Of the 300-plus men in the Ohio State matter, some still plan to sue and more than half already are listed plaintiffs in federal lawsuits alleging school officials knew of concerns about the late doctor, Richard Strauss, during his tenure but did little to stop him.
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"This is, from our perspective, aside from the Catholic Church, one of the biggest sexual misconduct cases in the country," attorney Michael Wright said Friday.
Wright said his legal team is representing over 100 men, most of them former football players and other Buckeye athletes who say they were sexually abused by Strauss. Many of those aren't among the 177 men who provided firsthand accounts of sexual abuse by Strauss to the law firm that began investigating allegations for the university last year, Wright said.
Many of the men who have publicly recounted their experiences, including the ex-wrestler who spurred the investigation, allege they were fondled during medical exams. Their claims span 1979 to 1997 — nearly all of Strauss' Ohio State career — and include Strauss' work with the athletic department, the student health center and his off-campus men's clinic.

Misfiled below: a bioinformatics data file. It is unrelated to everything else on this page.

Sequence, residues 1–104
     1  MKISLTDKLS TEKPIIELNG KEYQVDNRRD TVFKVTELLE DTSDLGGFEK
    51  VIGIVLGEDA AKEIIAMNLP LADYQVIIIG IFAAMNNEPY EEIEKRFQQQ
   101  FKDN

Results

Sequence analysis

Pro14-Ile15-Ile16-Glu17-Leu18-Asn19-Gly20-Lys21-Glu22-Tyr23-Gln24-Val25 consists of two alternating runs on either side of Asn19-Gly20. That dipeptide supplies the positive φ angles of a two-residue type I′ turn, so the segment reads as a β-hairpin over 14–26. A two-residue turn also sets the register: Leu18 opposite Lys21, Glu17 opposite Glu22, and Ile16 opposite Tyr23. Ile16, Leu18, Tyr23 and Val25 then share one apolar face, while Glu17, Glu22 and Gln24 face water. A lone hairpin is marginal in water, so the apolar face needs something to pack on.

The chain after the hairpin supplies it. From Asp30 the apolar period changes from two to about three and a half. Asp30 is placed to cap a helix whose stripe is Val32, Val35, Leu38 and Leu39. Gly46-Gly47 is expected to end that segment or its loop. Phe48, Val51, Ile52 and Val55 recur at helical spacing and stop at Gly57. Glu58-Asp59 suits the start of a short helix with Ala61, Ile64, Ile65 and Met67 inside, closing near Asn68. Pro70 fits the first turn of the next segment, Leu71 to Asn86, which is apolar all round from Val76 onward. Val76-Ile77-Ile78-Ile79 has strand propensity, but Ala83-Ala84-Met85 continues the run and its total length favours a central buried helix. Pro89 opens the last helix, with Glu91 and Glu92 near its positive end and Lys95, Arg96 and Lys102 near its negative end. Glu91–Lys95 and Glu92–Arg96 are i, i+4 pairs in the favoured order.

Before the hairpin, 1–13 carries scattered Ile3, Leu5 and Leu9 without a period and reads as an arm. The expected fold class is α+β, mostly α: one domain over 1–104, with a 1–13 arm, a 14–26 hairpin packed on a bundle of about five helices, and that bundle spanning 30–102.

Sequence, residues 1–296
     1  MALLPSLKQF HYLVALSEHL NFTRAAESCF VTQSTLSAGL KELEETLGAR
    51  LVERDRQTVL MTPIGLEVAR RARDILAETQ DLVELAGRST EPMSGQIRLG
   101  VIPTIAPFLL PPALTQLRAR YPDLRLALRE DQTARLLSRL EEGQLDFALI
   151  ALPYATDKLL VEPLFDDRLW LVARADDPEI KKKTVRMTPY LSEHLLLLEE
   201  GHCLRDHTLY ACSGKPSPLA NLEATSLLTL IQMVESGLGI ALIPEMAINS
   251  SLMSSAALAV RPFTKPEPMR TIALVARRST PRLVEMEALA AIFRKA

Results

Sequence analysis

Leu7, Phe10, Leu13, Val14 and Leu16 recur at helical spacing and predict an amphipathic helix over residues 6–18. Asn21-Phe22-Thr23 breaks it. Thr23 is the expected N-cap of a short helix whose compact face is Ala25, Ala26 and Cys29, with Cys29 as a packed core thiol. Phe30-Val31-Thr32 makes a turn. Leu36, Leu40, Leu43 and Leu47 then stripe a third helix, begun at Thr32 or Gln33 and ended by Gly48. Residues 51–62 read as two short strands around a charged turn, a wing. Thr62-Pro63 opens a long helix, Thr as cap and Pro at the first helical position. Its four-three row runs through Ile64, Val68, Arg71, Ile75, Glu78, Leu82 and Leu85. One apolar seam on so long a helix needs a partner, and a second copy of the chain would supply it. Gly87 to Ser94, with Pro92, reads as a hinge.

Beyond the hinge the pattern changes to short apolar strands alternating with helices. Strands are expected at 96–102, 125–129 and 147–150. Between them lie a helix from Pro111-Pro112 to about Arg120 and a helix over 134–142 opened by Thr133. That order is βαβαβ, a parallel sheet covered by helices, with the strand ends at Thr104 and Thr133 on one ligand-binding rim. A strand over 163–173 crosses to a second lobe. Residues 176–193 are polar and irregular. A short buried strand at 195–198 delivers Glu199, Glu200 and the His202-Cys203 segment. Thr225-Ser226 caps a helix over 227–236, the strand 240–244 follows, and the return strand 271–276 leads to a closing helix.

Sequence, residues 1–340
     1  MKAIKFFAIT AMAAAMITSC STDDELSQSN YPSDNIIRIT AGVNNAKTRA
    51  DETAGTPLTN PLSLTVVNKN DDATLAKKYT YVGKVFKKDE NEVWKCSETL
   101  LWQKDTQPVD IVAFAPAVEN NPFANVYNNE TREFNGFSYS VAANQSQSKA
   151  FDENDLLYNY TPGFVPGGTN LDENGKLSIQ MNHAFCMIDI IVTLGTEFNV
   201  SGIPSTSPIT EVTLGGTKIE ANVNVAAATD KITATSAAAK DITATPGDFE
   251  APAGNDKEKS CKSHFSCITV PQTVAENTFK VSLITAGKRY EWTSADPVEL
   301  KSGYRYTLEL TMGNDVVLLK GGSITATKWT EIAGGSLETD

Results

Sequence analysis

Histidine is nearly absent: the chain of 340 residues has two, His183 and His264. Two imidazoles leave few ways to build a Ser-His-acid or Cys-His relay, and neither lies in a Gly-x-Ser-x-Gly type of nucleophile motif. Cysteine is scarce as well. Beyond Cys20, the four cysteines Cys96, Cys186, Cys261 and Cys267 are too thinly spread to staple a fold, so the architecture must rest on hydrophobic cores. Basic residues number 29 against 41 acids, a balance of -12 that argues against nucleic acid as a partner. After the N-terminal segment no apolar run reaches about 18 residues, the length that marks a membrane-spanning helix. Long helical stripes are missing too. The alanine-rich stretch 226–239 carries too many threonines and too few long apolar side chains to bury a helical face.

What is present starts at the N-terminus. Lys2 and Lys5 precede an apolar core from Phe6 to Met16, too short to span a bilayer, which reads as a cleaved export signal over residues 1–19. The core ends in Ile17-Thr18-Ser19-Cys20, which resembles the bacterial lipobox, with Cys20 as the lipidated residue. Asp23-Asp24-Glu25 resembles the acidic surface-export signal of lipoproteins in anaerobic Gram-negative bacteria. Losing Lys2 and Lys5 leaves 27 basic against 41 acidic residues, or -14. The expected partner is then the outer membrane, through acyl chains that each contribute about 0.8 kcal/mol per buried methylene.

The investigating firm, Perkins Coie, didn't proactively reach out to possible victims, citing concern for potentially retraumatizing them. But the list of accusers has continued to grow as Ohio State publicized the investigation, alumni began sharing stories, and lawyers for the initial plaintiffs advertised a push to hold the university accountable.
The lawsuits against Ohio State are now in mediation toward a potential settlement. The lawyers involved won't publicly discuss the negotiations.
Ohio State has acknowledged its "fundamental failure" to prevent abuse by Strauss, apologized publicly to the survivors and said it is committed to the mediation process.
The investigation and the related litigation have cost the university about $7.8 million so far, spokesman Ben Johnson said.
No one has publicly defended the doctor, who killed himself in 2005. In a statement after the investigation findings were shared in May, Strauss' family offered condolences to the abuse survivors.
Strauss retired from the university in 1998 with emeritus status, an honorary label revoked this year by school trustees.
The State Medical Board had an investigation involving Strauss near the end of his Ohio State career but never disciplined him, and the details have remained confidential. A state panel tasked with reviewing the handling of that old case has yet to report its findings.